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Home Publications Op-Eds & Columns President Clinton Finds a Way to Avoid Impeachment

President Clinton Finds a Way to Avoid Impeachment

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Mark Weisbrot
Salt Lake Tribune, December 20, 1998
Brooking County Record (New Jersey), December 18, 1998
Knight-Ridder/Tribune Media Services, December 17, 1998

President Clinton's decision to bomb Iraq on the eve of the impeachment vote gives a whole new meaning to the word "transparency." The circumstantial evidence of a connection between the two events is awfully strong: a vote by the House to impeach was almost certain, and this was his only way out. And the President offered no convincing explanation for why an attack that has been threatened for years could not wait even another couple of days.

"For us to initiate military action during Ramadan would be profoundly offensive to the Muslim world," said the President, referring to the Muslim holy month, which begins this weekend. But the attack may well last into the weekend. Is he saying this is less offensive because the attack began before the holiday?

The Muslim world, and indeed most of the rest of humanity, has already been profoundly offended by the death of more than half a million children who, according to UN estimates, have been killed by the sanctions against Iraq. Not so Madeline Albright, our Secretary of State. When asked whether these sanctions were worth the price of all these innocent lives, she said, "We think the price is worth it."

So it should not be surprising that President Clinton would order a bombing campaign that is expected to kill thousands of Iraqi civilians-- both directly, and through the destruction of vital infrastructure-- in order to save his own political career.

Assistant Secretary General Denis Halliday, who worked for the United Nations for 34 years, administered the "oil-for-food program" which was supposed to prevent the sanctions from killing children. Two months ago he resigned in disgust.

"Sanctions are starving to death 6,000 Iraqi infants every month, ignoring the human rights of ordinary Iraqis, and turning a whole generation against the West," he said. "I no longer want to be part of that."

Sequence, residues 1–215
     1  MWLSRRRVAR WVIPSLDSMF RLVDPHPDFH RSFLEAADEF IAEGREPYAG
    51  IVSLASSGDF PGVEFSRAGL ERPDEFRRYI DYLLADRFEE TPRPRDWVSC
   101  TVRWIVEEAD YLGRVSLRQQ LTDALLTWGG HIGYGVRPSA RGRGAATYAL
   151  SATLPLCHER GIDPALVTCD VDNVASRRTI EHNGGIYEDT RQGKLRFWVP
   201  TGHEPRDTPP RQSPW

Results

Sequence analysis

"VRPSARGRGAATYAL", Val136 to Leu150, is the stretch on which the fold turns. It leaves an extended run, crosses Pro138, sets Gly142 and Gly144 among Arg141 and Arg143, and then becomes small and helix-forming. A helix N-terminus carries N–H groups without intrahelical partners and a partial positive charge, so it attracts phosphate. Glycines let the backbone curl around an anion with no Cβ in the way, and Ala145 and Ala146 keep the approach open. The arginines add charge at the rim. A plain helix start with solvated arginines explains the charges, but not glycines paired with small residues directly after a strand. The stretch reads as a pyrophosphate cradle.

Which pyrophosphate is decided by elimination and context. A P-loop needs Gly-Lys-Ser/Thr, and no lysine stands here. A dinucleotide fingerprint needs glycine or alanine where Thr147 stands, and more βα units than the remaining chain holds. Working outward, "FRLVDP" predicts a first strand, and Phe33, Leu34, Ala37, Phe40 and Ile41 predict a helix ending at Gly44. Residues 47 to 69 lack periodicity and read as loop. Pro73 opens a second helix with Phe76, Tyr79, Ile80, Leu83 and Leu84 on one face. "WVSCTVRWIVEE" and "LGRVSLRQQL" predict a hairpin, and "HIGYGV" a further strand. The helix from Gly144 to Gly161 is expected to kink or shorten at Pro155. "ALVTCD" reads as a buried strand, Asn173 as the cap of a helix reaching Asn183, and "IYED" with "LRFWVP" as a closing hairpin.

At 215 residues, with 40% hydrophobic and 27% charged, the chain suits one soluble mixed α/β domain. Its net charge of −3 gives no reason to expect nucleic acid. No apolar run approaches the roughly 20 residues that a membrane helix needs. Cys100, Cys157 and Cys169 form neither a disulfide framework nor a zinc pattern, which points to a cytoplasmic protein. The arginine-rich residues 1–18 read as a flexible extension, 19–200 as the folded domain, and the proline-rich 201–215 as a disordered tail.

In addition to the timing, the open-ended nature of the President's attack is very suspicious. When will it end? If he keeps it going until January 6, when the new Congress takes office, the impeachment resolution of the House Judiciary Committee would die.

The lack of a clear objective in this military offensive makes it even harder to believe that it was launched for purposes other than domestic political considerations. Is President Clinton trying to force the government of Iraq to comply with the UN weapons inspections? Or is he trying to overthrow Saddam Hussein?

In his speech announcing the attack, the President was unclear. He began with the latest UN report accusing Iraq of violating its promise to allow weapons inspections. But then he added: "The hard fact is that so long as Saddam remains in power, he threatens the well-being of his people, the peace of his region, the security of the world. The best way to end that threat once and for all is with a new Iraqi government."

This ambiguity has plagued U.S. policy toward Iraq since the Gulf War. If our government intends to maintain the sanctions until Saddam Hussein is overthrown, as it has indicated on a number of occasions, then what incentive is there for him to co-operate?

But now this vagueness may save President Clinton from the disgrace of impeachment, not to mention a horrendously embarrassing trial in the Senate. He can adjust the duration, objectives, and strategy of this war until he can whittle away at the swing votes in the House.

Of course, if the House still decides to impeach him, there is a stronger case to be made. "The war powers clause of the United States Constitution, Article I, Section 8, expressly requires authorization by Congress before the President can engage in acts of war, unless there is a direct attack upon the United States," noted Francis Boyle, Professor of International Law at the University of Illinois. "Clinton has also violated the War Powers Resolution of 1973 that was enacted by Congress over President Nixon's veto in order to prevent a repetition of the Vietnam War scenario."

Now there's some of the "high crimes and misdemeanors," and abuse of power, that the President's defenders argued was missing from the endless debate over "who touched what."

Meanwhile, busloads of President Clinton's supporters plan to converge in Washington to demonstrate against impeachment. Wouldn't it be great if it they decided to protest the war instead? What a fitting legacy that would make for a President who has betrayed the trust of almost everyone who put their confidence in him.


Mark Weisbrot is co-director of the Center for Economic and Policy Research, in Washington, D.C. He is also president of Just Foreign Policy

 

 

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